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A Neighbour is Always Helpful and Needed More than a Faraway Brother: Modi’s Third Term and India’s Regional Focus

by Dr. Santhosh Mathew - 20 June, 2024, 12:00 184 Views 0 Comment

“A nearby neighbour is better than a distant relative.” This age-old adage encapsulates India’s renewed focus on strengthening relationships with its immediate neighbours as Narendra Modi embarks on his third term as Prime Minister. This commitment was evident during the inauguration ceremony, where key leaders from these regions, including Bangladesh Prime Minister Sheikh Hasina and Sri Lankan President Ranil Wickremesinghe, were present. Their participation underscores New Delhi’s strategic priorities and its “Neighbourhood First” policy and the vision for Security and Growth for All in the Region (SAGAR).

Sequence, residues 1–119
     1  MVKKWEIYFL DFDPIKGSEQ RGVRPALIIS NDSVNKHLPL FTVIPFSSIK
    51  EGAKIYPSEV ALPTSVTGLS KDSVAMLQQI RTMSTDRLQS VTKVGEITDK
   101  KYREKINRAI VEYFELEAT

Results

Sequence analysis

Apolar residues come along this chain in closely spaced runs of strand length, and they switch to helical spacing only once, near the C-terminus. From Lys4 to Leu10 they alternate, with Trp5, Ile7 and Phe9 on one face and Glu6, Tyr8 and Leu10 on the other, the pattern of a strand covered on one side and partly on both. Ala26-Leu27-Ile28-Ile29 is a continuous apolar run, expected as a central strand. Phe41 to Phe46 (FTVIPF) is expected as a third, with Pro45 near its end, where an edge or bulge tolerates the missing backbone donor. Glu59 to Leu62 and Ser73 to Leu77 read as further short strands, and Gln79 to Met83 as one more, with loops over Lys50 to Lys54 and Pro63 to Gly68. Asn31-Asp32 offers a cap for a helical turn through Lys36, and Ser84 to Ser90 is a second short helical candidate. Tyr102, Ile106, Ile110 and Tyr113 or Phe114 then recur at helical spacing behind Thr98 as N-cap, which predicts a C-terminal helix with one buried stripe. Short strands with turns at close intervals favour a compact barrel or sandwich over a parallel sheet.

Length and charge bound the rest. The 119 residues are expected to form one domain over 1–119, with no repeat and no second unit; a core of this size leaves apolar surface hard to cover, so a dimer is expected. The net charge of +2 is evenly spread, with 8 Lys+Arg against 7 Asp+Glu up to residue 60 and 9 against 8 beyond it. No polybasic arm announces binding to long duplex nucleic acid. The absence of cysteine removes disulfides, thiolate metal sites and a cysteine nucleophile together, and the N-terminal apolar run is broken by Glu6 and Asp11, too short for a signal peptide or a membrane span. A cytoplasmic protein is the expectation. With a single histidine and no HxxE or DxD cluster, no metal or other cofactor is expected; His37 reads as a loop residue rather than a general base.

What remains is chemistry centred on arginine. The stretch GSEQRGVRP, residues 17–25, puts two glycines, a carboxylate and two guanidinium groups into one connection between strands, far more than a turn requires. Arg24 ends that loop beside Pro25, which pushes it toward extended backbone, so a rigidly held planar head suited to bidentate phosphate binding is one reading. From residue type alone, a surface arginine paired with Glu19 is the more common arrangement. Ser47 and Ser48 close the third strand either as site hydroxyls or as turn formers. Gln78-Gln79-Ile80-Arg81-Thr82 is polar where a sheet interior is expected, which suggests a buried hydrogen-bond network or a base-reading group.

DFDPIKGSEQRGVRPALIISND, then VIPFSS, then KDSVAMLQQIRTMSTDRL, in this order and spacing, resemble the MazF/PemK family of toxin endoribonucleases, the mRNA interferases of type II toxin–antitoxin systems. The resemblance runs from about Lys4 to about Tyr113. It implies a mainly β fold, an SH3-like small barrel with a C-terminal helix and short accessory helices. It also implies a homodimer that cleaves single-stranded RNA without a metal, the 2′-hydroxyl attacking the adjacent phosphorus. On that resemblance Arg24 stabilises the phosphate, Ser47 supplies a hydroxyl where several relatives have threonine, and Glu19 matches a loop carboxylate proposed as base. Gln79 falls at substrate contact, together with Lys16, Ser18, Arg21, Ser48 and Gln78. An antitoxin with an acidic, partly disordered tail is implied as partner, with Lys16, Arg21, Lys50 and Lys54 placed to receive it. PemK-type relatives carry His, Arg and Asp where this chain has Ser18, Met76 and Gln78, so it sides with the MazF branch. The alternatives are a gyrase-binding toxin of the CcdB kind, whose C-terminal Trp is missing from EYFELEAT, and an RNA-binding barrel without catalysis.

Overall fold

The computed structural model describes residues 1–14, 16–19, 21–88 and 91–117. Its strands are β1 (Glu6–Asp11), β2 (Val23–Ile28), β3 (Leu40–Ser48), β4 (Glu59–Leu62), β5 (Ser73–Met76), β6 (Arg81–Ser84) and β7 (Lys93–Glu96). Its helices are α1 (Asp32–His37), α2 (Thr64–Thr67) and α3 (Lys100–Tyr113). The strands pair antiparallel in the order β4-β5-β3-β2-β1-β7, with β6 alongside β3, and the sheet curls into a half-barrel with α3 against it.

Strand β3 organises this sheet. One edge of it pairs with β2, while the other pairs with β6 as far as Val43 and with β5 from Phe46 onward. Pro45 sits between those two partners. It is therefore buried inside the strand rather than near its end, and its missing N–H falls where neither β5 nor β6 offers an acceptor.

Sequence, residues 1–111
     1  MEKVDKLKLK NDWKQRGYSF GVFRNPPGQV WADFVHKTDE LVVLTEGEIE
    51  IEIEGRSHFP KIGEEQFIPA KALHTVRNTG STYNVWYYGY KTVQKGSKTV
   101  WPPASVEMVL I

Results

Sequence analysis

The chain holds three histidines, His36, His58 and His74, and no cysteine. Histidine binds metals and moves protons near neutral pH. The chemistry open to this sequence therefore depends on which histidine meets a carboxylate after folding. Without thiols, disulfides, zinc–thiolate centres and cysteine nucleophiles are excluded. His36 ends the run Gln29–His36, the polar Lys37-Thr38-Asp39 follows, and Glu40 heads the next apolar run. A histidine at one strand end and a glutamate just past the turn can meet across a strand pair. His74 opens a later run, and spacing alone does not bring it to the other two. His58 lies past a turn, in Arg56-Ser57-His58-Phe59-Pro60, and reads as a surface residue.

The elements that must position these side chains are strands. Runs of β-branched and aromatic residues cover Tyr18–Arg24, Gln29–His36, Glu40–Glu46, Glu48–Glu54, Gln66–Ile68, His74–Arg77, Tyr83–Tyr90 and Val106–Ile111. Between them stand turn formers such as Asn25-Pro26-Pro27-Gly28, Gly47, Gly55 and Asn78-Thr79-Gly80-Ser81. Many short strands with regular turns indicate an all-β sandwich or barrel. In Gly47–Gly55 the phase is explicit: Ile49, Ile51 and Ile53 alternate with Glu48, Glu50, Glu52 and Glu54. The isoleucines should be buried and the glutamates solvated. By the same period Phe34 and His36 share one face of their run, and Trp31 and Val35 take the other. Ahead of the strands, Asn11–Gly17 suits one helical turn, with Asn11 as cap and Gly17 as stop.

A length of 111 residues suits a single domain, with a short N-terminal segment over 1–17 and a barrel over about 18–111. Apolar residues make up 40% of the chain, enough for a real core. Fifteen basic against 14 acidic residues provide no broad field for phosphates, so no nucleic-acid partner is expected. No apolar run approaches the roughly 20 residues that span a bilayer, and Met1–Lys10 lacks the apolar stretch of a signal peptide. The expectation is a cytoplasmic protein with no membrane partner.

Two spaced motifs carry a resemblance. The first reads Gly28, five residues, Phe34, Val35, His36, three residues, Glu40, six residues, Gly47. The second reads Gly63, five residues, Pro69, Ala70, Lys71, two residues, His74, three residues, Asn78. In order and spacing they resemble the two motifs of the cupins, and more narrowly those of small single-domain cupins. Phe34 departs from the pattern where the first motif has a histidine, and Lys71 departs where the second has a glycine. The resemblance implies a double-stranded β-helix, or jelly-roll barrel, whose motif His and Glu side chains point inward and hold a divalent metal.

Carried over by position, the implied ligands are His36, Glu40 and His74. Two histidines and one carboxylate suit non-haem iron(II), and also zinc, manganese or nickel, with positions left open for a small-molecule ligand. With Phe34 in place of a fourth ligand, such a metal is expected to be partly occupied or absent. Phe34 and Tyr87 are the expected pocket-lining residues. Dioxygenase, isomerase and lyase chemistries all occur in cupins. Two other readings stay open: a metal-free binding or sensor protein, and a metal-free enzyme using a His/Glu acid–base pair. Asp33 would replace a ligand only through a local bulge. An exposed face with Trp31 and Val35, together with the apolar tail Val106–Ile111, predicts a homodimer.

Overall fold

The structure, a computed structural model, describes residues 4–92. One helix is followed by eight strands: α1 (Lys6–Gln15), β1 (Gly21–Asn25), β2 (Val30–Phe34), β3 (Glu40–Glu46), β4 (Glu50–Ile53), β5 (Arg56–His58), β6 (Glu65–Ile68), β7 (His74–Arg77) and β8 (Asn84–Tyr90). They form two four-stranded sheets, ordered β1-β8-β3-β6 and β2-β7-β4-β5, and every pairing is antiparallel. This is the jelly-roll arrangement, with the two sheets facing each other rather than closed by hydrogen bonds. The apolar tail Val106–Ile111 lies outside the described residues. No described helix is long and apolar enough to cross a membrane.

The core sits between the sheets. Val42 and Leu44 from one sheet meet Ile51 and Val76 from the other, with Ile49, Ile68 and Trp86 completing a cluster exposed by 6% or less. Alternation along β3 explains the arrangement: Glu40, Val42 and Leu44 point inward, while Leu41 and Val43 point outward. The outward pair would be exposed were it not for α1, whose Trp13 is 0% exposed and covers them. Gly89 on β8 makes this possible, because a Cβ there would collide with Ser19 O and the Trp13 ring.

The presence of leaders from Bhutan, Nepal, Mauritius, Seychelles, and the Maldives at the swearing-in ceremony signifies India’s dedication to maintaining and enhancing regional solidarity. Bhutan was represented by King Jigme Khesar Namgyel Wangchuck, while Nepal’s delegation was led by Prime Minister Pushpa Kamal Dahal. Mauritius was represented by President Prithvirajsing Roopun, Seychelles by Vice-President Ahmed Afif, and the Maldives by President Mohamed Muizzu. The inclusion of President Muizzu was particularly notable given the recent strain in India-Maldives relations. His attendance signals a potential thawing of ties and a willingness to engage in dialogue despite past tensions. Following the inauguration, Prime Minister Modi met with the visiting leaders at Rashtrapati Bhavan. During these meetings, he reaffirmed India’s dedication to regional cooperation, emphasizing that India will continue to work towards “peace, progress, and prosperity” in partnership with neighbouring countries. This aligns with India’s broader goal of achieving a “Viksit Bharat” (Developed India) by 2047. India’s outreach to its neighbours during Modi’s inauguration has evolved over the years. In 2014, the leaders of the South Asian Association for Regional Cooperation (SAARC) were invited to Modi’s first swearing-in. This was followed by an invitation to leaders of the Bay of Bengal Initiative for Multi-Sectoral Technical and Economic Cooperation (BIMSTEC), Mauritius, and Kyrgyzstan in 2019. The consistent inclusion of regional leaders reflects India’s strategic intent to strengthen regional solidarity and cooperation. India’s emphasis on the Indian Ocean region is a critical aspect of its foreign policy. The SAGAR vision aims to ensure security and economic growth in the region, promoting stability and cooperation among Indian Ocean countries. The presence of leaders from island nations like Mauritius, Seychelles, and the Maldives at the inauguration underscores this strategic focus.